The next day, I told my boss about my experience, and he called me “some sort of video game matchmaker.” I like that. It’s a role I constantly try to play, and I consider success maintaining someone’s interest while I talk. The moment I convince someone not to dismiss gaming is the moment that turning him or her onto games becomes possible. I will leave you with these tips from this and other different experiences.
- Focus on the person’s own interests. I’d love to show people the brilliance of Asura’s Wrath‘s over-the-top battles and L.A. Noire‘s facial mapping, but I have to remember that the setting, the gameplay, or both might be unappealing to someone who likes science fiction or puzzles in the newspaper.
- Use your knowledge of games to ask questions. You can’t shove a person into any game. Bring up gameplay concepts and genres to see what even tangentially catches his or her fancy.
- Have a diverse library of games, or know how to access one easily. Frankly, if all you play are first-person shooters or real-time strategy games, your collection could be alienating. Get to know games you aren’t playing to help this along.
- Think a suggestion through. This is related to the above tips, but it really pays to consider if someone who hasn’t touched a controller since 1983 can handle 3D movement and trigger assignments.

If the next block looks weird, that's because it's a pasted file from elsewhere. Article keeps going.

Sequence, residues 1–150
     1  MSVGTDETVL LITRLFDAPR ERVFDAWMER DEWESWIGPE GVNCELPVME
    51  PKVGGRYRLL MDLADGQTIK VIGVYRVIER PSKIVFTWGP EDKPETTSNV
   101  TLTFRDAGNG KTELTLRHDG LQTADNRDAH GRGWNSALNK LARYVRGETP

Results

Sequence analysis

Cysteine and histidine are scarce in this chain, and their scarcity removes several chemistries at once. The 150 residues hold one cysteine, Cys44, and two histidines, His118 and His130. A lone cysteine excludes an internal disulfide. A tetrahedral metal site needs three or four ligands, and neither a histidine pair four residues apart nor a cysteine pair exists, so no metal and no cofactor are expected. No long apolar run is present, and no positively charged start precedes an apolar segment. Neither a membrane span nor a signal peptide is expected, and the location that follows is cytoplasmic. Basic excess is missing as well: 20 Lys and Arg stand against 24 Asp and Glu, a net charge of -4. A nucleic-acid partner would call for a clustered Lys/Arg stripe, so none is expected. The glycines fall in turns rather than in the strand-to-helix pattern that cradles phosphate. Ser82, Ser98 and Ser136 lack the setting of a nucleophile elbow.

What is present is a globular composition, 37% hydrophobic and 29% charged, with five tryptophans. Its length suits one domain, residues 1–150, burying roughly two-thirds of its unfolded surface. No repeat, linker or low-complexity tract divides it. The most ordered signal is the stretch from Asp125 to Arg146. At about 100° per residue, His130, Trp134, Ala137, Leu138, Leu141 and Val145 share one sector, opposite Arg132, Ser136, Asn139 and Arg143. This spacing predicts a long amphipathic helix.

- Make the person play the game. You and I may love watching people play games, but you showing the game off is not the same experience. You’ll never find out if it’s the right or wrong match if you play it in front of your friend. Nobody’s watching your fingers.
- Don’t be afraid to try something else. I get it. The game you chose is amazing, but your friend has a glazed look over his eyes. Move on.
- Recommend something accessible. If your friend only has a Mac or a work laptop, the latest AAA blockbuster either won’t be available or won’t work. Don’t ignore the tons of games that are available and do function.
What about you, The Reader? Have you ever had an experience turning someone onto games for the first time? Do you remember someone getting you into them? Maybe you have some tips to share that I glossed over. Leave me some comments!
Gil is a video game enthusiast and professional meanderer. When he’s not giving people his unsolicited grammar corrections, he is out and about seeking exciting food and even more exciting single-player experiences. He’s got one of them Twitters (@gilmeansjoy) and a blog or something (fromthebacklog.blogspot.com).